It might be that you live on your own farm and take care of your own horses, and maybe you have a boarder or three. But for a lot of one-horse families, the idea of farm life is a dream.
However, according to some real estate experts, another effect of the ongoing pandemic is a desire for many people to leave the city with its congested streets and high-density living. Rural property sales are on the rise, and prices along with it.
Still, there are “bargains” to be found: take this sprawling ranch south of the border that was recently featured on The Robb Report website. This California ranch sits on 4,700 acres and the owner lowered the price a jaw-dropping $20 million! Which means it can be yours for the low price of $24.5 million! Just teasing.
If that’s a wee bit out of your price range, you will still be able to find a hobby farm in the current Canadian real estate market as it adjusts to the Covid-19 factor. “The market took a few weeks off while people were figuring out what the new normal would look like in the real estate market, but since mid-April the market for hobby farms and horse properties has been very strong,” says Greg Walton, owner of BC Farm & Ranch Realty Corp. “Although the majority of buyers were existing acreage owners making the move up or down, we did notice an increase in enquiries and sales from clients looking to move out from the density of Vancouver and the Lower Mainland.”
Walton adds that when the historically-low mortgage rates are factored in, he is seeing a robust market in small acreages and in spite of current world events, prices have actually been climbing.
Further east in Ontario, the same level of interest, demand and rising prices are being seen.
“During covid times I have seen a huge increase in the city coming out to the country,” says Velvet Alcorn, an agent with Bosley Realty in Toronto. “Buyers have worked from home over the last few months and see how it can work so easily with our tech of today.”
Of course, what many city folks think is viable for them can be quite different from the reality. “They think they want a secluded 100 acres and when I get them out to view that very property, I tell them to scream and they look at me dumbfounded,” explains Alcorn. “I explain that if you scream at the top of your lungs, no one will hear you ‒ is that what you want? Or when I ask if they like pizza and tell them they’re not going to get it delivered here, they seem to change their minds, especially when the last thing I say is there isn’t any high-speed WiFi.” Alcorn says the buyer either changes their mind outright or they start to look at smaller-acreage properties.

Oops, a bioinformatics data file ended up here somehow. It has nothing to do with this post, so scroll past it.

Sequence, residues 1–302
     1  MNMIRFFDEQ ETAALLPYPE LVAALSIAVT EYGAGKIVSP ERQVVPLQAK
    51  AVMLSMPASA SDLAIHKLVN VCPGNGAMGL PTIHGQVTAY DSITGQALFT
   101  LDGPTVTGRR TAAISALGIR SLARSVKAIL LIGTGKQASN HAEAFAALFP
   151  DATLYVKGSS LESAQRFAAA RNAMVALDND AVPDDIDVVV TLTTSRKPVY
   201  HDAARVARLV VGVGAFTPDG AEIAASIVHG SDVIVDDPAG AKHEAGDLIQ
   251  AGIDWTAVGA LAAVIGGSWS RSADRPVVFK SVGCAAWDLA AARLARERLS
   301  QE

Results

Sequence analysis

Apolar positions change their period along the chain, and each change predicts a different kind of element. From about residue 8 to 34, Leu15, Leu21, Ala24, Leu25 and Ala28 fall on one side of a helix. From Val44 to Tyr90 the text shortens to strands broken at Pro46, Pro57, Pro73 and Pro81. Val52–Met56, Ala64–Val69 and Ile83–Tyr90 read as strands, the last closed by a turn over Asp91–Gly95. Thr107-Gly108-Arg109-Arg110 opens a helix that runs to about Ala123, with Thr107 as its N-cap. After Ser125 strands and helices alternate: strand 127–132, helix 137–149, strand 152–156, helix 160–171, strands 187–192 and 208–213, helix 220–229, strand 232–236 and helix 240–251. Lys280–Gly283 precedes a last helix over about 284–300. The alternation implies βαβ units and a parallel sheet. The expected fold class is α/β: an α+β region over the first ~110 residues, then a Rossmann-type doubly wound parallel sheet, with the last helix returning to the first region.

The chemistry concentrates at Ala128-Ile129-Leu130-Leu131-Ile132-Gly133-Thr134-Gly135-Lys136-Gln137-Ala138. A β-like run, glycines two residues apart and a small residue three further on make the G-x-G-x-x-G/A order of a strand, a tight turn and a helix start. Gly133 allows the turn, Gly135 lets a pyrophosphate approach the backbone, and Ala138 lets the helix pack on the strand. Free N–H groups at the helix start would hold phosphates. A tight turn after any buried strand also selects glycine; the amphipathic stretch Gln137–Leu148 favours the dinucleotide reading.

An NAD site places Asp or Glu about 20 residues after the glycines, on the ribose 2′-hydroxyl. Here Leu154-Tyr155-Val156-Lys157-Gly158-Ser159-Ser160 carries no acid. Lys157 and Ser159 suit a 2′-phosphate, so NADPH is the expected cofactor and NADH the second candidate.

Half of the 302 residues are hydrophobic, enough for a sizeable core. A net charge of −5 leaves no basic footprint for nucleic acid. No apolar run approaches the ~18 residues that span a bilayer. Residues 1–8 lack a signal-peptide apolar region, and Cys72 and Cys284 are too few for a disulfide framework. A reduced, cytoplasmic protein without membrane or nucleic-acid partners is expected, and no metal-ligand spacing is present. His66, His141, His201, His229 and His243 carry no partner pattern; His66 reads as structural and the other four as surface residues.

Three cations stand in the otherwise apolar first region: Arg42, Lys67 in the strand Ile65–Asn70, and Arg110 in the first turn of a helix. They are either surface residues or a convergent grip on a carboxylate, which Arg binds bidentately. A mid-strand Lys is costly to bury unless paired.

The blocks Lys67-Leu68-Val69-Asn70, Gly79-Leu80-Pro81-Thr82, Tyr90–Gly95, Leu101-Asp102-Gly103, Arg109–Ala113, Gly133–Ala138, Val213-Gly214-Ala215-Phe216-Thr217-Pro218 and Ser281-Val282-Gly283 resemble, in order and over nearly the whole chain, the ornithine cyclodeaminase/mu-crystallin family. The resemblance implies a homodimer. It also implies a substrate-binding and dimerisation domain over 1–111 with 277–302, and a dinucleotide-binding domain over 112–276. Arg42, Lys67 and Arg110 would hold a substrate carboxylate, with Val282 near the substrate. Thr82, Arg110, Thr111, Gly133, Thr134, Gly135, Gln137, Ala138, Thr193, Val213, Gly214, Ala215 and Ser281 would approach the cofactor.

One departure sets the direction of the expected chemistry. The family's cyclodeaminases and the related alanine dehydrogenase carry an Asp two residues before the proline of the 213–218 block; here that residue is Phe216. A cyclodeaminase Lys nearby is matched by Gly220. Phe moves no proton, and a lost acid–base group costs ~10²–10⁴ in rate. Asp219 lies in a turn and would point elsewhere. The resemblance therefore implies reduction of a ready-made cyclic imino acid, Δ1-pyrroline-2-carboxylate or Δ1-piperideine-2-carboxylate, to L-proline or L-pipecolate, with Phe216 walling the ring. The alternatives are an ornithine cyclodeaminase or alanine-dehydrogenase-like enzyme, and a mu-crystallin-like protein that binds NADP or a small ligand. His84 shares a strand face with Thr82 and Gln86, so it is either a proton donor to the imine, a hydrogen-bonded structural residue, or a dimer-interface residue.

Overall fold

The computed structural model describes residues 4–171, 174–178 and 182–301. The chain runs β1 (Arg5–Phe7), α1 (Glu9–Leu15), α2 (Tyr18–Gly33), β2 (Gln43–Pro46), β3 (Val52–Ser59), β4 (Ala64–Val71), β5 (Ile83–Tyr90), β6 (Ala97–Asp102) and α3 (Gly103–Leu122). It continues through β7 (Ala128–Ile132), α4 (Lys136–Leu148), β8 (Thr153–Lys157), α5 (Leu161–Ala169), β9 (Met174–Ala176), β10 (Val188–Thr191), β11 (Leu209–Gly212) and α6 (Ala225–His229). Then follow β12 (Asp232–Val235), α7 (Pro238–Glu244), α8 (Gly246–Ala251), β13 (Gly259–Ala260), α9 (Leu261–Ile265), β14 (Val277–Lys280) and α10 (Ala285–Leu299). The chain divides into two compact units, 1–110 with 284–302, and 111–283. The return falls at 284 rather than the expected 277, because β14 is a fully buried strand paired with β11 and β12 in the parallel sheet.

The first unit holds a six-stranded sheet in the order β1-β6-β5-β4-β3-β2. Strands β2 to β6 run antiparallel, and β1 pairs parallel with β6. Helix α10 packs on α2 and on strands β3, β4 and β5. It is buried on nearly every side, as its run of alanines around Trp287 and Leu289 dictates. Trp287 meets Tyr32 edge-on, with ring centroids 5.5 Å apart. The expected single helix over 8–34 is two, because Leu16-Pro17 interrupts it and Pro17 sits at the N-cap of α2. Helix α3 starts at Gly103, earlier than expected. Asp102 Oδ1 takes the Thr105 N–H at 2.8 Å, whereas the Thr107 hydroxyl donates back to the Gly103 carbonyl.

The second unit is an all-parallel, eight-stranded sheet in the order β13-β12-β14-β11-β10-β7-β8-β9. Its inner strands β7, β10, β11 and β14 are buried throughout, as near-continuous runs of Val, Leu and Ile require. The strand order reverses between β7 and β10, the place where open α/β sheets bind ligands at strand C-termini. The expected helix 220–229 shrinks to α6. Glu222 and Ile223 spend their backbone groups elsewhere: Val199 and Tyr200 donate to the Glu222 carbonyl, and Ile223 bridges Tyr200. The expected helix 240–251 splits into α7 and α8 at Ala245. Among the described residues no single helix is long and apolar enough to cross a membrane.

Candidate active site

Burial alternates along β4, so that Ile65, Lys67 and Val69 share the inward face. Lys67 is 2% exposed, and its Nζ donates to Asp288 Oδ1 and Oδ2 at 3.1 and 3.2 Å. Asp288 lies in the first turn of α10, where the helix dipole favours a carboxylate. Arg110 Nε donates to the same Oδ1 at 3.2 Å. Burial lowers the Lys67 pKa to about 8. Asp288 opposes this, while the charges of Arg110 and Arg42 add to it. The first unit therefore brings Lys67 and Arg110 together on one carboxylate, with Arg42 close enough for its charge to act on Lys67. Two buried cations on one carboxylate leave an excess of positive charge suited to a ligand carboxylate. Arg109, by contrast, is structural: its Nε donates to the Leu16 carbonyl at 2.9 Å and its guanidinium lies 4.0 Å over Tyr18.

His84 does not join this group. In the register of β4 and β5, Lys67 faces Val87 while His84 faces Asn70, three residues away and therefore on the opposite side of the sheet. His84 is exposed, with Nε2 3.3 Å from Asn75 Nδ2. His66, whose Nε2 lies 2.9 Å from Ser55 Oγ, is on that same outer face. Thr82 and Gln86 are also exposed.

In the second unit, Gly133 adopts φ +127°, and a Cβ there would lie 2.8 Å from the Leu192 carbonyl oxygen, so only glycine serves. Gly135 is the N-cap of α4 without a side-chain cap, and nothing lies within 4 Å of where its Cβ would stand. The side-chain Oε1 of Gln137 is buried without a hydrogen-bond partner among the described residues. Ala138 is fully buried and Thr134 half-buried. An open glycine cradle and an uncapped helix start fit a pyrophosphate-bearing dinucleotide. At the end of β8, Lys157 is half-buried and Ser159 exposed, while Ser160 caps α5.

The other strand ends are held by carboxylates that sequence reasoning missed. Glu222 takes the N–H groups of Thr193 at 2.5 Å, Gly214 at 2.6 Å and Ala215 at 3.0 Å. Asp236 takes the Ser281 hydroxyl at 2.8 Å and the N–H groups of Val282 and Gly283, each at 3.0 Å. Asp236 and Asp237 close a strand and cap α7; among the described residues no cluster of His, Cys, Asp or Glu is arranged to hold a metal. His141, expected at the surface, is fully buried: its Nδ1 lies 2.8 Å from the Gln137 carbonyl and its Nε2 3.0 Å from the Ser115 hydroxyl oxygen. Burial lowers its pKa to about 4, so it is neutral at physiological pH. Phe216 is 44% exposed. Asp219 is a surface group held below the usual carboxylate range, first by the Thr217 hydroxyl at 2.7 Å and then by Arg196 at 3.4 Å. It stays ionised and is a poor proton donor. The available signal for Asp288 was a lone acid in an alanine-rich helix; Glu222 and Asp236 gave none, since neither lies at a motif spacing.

Currently, Alcorn says that farm prices have not gone up as houses have in the Toronto home market, but she thinks that’s about to change, citing properties that were on the market for 250-plus days have all of a sudden sold. “Today, a farm listing for 250 days is unusual, where three months ago it was the norm,” Alcorn says. “The inventory is depleting, too, as there are more buyers than sellers at this time. Because of the lack of listings, it will definitely increase the list price in the near future.”
Still, the dream of living life on a horse farm, close to nature and away from the stress of the city, is more appealing than ever. “As people continue to embrace the acreage lifestyle, we expect the trend of acreage ownership in BC to be one of the best financial decisions a family can make,” says Walton. “Growing your own food, raising your own animals, and raising a family on an acreage is a trend we see continuing long into the future, and we are proud to be a small part of it.”